It isn’t like it’s very easy to make runs nowadays but I’m sure we all would agree that nowadays there aren’t enough fast bowlers when compared to fast bowlers of 1970’s and 1980’s and the pitches, are just being made to favor the batsmen and bowlers are suffering due to this.
In the last 5 years, how many occasions have there been where a pitch has been prepared to support both batsmen and bowlers? Not many occasions, surely. Do the bowlers ever complain when they are being smashed all around the ground, even though they are putting their best of the efforts to bowl the batsmen out but the pitch doesn’t support. Just imagine how good a bowler’s temperament needs to be these days to take wickets.
In which country do we enjoy watching cricket the most? For me, it’s undoubtedly England. The reason is simple; in England the pitches are supportive for both – batsmen and bowlers. Sub continent pitches can obviously not be prepared like England pitches but what sub continent curators can do is – make sure that they leave some grass on the pitch and make sure that the bounce is good which will make sure that the bowlers too get some purchase from the pitch. Preparing a dry pitch supporting just batsmen is going to do no good to this purest form of the game.
Have we ever heard a fast bowler saying that “I enjoy bowling in sub continent”. Sounds funny doesn’t it? It obviously will sound funny because the pitches prepared in sub continent are just for batsmen and not for bowlers. What can bowlers really do? In limited overs format, a bowler somehow manages to take some wickets, batsmen try to be aggressive play their shots (in limited overs that is) and bowlers get benefited from this as they have a chance of taking wickets but in test matches, batsmen look to take their time and look to play big innings. In test matches, bowlers need to take 20 wickets in a match to win the match for their team but how can they take 20 wickets when the pitch isn’t supportive? Curators in sub continent need to understand this and once they do, we will witness good test matches being played in sub continent.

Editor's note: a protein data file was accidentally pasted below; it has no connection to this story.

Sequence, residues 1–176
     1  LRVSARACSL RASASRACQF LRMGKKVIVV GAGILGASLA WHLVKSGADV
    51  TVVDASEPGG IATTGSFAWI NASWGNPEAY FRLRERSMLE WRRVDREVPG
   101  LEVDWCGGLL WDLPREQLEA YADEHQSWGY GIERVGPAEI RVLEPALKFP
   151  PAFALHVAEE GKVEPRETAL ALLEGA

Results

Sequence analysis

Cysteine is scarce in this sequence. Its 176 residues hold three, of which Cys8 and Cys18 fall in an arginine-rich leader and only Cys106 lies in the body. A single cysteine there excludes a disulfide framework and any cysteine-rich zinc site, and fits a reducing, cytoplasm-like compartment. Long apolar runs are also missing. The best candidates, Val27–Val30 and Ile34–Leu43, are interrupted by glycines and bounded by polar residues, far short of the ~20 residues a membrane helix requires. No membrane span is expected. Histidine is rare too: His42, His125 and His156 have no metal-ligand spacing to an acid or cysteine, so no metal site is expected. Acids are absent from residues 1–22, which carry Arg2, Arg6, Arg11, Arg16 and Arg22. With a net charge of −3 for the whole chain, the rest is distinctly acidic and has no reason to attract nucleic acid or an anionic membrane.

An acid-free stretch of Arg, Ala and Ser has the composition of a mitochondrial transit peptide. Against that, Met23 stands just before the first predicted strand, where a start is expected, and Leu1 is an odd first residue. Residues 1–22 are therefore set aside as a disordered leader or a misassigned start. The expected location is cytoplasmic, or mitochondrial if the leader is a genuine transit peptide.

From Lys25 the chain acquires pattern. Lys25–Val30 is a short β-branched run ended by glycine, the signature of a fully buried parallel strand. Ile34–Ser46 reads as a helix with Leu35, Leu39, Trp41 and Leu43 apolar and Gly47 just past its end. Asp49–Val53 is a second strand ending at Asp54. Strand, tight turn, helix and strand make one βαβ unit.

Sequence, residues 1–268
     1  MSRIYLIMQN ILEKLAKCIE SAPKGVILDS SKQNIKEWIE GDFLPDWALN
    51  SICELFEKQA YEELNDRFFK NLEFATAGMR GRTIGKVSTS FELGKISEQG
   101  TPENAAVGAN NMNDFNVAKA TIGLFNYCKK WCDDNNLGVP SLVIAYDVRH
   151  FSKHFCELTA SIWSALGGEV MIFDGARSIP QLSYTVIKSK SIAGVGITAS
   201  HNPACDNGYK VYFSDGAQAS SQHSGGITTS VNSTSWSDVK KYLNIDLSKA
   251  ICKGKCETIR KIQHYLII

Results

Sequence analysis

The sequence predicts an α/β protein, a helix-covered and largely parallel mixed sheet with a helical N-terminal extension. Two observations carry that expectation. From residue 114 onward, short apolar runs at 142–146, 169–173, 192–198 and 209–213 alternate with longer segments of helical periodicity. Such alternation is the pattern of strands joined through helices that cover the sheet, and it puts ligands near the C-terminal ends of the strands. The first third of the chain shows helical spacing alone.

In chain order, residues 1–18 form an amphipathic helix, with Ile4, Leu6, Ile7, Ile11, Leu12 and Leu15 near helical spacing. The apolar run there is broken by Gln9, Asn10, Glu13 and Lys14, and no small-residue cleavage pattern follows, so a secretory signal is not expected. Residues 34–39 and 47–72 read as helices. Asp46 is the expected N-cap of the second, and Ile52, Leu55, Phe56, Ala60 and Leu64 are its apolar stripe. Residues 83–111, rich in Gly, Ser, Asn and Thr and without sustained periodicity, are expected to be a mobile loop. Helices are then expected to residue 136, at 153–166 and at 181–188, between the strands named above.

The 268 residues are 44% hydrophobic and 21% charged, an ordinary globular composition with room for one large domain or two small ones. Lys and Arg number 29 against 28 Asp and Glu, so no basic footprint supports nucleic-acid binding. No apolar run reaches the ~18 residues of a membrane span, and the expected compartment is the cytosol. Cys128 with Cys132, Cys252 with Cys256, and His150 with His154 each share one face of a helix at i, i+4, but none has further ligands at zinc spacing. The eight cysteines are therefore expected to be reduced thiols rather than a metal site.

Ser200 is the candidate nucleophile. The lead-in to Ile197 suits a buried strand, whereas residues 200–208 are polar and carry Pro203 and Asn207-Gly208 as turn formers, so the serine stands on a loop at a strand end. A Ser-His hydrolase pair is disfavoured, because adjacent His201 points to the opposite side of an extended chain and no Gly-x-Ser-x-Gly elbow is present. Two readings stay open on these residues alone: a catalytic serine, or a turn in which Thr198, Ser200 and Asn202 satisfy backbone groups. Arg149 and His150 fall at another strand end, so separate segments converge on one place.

It isn’t boring to watch matches in Australia and New Zealand, that’s because the pitches provide good bounce for the bowlers and this helps the bowlers. In South Africa, as we saw in the first test between South Africa and Australia or even in the second test, the pitches can be very supportive for the bowlers and as I mentioned earlier, in England the pitches are excellent for bowlers. In West Indies, the pitches can be very flat at times but there is good amount of bounce on offer and some swing as well at times. Basically, the whole point is, the pitches are the only way test matches can be improved. Doing changes to the format, will do no good! What does rest of you think? I feel this is a topic on which there could be an interesting debate taking place. Test cricket, as we all will agree, is the purest form of cricket and there needs to be a step taken to make it popular among the fans, again.
This is my first article. I have done my best to write all the necessary stuff and I hope the article will interest you all, the topic too. Suggestions are welcomed.